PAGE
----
Saturday, August 21, 2010

Setting up a small electronics lab

At Litl, I will be setting up a small electrical engineering lab. What should I get? There's a lot of great stuff at SparkFun, and more at Digi-Key.

Here's my shopping list, all from Sparkfun. No, I'm not a fan boy. Thanks for asking.
Honorable mention, stuff that is not a near-term priority. Most of these are entirely non-work-related toys that just look fun.

Saturday, August 14, 2010

In Taiwan next week

I'm not a big traveler generally speaking, but my new job with Litl is bringing me to Taipei and Hsinchu in Taiwan for a few days next week. I'm excited and a little nervous. I've tried to pick up a few words of Mandarin over the past week using Rosetta Stone, but it's a tough language for an American with only dim memories of high school French.

Hopefully I'll be posting some cool pictures soon, if I get a chance to wander anywhere interesting.

Tuesday evening

What the heck is Tuesday when you're 12 time zones from home? Here in Taiwan it's 8:30 PM. Back home in Massachusetts, it's 8:30 AM on Wednesday morning. Between the time difference and the jet lag, not a lot of luck in reasoning about time.

I'm doing very slightly better with language, strangely. I've identified two glyphs. One (字) looks like a seven digit with a horizontal line through it. It's pronounced "tze" (the vowel is a schwa) and I've seen it occur at the ends of several words or small phrases but I don't know its meaning. The other, I can't remember now because I'm too jet-lagged. Another thing this morning was that I identified a glyph that I believe is a very recent invention without any of the historical roots of the other characters. It's an outline of the Red Cross symbols, with crossbars along the top and bottom edges, and my guess is that it indicates a hospital. Some of the mechanics of how these characters are formed is fascinating.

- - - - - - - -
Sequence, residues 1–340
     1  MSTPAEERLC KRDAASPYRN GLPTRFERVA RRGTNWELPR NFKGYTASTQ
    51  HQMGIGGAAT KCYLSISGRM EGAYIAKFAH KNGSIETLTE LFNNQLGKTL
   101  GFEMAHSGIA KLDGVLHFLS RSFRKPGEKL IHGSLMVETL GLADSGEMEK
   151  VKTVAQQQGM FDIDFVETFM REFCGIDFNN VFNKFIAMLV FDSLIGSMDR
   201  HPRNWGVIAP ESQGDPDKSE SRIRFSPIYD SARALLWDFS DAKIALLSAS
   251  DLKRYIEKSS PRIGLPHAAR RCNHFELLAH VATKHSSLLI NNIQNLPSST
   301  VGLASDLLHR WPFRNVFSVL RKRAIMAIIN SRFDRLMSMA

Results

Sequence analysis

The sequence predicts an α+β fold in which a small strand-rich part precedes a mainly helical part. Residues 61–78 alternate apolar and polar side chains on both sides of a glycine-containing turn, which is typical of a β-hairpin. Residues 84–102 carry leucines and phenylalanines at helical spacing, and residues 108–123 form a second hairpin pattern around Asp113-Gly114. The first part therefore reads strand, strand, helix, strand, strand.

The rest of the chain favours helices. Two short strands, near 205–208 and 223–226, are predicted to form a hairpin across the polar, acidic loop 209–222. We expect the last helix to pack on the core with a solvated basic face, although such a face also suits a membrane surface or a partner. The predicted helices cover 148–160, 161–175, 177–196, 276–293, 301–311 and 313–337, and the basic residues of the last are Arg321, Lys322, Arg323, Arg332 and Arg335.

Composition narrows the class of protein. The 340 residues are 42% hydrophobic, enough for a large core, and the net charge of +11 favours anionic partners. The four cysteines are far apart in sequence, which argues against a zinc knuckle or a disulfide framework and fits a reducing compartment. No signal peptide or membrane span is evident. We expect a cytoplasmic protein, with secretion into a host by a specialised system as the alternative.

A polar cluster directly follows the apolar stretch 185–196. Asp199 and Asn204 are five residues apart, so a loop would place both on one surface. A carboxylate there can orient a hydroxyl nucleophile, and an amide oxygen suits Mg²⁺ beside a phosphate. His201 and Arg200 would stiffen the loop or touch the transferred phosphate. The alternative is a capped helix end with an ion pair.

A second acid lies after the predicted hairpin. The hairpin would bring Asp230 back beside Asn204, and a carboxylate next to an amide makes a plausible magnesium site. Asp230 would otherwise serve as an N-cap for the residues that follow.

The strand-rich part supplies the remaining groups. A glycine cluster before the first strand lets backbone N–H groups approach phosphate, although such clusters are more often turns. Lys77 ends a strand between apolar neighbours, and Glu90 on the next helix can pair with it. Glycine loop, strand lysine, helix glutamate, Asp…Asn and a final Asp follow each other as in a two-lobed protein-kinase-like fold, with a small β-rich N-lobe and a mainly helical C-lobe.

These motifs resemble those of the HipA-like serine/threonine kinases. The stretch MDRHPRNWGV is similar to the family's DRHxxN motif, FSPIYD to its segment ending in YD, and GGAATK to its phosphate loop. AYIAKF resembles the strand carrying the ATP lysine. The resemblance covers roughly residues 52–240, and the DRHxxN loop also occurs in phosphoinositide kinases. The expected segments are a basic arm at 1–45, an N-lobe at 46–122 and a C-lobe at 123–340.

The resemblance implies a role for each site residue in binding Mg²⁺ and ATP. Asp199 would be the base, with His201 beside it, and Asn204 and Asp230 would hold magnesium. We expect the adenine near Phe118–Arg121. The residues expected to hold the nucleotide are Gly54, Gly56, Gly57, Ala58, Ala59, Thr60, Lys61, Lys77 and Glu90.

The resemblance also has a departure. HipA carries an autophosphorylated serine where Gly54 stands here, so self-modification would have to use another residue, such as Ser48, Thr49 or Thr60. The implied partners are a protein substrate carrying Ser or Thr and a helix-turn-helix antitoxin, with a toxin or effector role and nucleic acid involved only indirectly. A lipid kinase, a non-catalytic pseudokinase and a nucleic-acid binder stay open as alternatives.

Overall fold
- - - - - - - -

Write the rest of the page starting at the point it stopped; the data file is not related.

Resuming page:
Today I visited Hsinchu with a couple of other engineers, one also from Litl, and one from Motorola. We did a bunch of debug on some boards that a contractor is designing for us.

I'm surprised how normal things feel in Taiwan. I had expected it to feel more alien. But everything kinda fits and makes sense. It's interesting to be immersed in a culture that's a little different but not very, and a language that is thoroughly alien. (Though I suppose the clicking languages of Australian aborigines would be even more alien.)

Friday evening, Taiwan time

你好 East Coast folks! I should be back in about 24 hours. Just in time to liberate the cat from cat jail and spend the rest of Saturday morning napping.

I really wish I'd gotten an earlier start on learning some Chinese and applied myself more diligently. It was frustrating to look around and see and hear all this interesting language and understand nearly none of it. Oh well, there should be more opportunities. I'm given to understand that my work will bring me to mainland China before too long.

I also wish I'd thought to take more photos. I just totally spaced on the fact that I'd brought along a camera.

Saturday evening, back home